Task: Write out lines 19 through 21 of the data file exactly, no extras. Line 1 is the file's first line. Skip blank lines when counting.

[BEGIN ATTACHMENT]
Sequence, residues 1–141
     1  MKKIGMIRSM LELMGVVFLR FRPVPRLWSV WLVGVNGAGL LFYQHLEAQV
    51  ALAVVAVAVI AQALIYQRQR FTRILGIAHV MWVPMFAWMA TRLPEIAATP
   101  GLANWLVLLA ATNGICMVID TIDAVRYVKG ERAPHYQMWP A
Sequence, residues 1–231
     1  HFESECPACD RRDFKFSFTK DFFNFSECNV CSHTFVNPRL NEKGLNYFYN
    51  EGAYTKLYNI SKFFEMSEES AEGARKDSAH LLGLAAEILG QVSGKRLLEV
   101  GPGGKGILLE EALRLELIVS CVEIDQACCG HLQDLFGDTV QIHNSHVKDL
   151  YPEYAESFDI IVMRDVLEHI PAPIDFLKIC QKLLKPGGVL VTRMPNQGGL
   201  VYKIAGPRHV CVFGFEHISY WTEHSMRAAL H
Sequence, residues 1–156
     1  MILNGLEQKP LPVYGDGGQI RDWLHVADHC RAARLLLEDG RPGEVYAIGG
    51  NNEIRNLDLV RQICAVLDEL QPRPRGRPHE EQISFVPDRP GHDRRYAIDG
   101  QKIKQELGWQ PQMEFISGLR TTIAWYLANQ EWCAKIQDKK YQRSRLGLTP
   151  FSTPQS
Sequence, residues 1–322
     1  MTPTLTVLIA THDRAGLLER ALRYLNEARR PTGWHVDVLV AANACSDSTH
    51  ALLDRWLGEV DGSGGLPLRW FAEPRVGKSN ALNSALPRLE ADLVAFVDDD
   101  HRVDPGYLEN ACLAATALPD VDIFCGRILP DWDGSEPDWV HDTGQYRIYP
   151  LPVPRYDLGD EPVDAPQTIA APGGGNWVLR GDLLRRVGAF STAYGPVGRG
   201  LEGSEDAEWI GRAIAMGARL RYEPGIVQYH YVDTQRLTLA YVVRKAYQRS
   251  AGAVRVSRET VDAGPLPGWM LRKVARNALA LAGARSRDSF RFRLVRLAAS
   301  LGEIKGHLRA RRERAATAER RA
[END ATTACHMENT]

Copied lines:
   101  HRVDPGYLEN ACLAATALPD VDIFCGRILP DWDGSEPDWV HDTGQYRIYP
   151  LPVPRYDLGD EPVDAPQTIA APGGGNWVLR GDLLRRVGAF STAYGPVGRG
   201  LEGSEDAEWI GRAIAMGARL RYEPGIVQYH YVDTQRLTLA YVVRKAYQRS